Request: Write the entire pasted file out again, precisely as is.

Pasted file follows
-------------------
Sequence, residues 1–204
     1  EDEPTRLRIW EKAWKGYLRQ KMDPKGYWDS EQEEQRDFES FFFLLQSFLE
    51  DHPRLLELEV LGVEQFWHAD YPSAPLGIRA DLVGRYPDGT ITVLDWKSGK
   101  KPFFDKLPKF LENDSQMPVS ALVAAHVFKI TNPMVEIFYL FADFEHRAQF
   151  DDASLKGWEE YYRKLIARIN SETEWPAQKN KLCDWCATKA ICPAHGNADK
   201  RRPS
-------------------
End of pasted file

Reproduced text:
Sequence, residues 1–204
     1  EDEPTRLRIW EKAWKGYLRQ KMDPKGYWDS EQEEQRDFES FFFLLQSFLE
    51  DHPRLLELEV LGVEQFWHAD YPSAPLGIRA DLVGRYPDGT ITVLDWKSGK
   101  KPFFDKLPKF LENDSQMPVS ALVAAHVFKI TNPMVEIFYL FADFEHRAQF
   151  DDASLKGWEE YYRKLIARIN SETEWPAQKN KLCDWCATKA ICPAHGNADK
   201  RRPS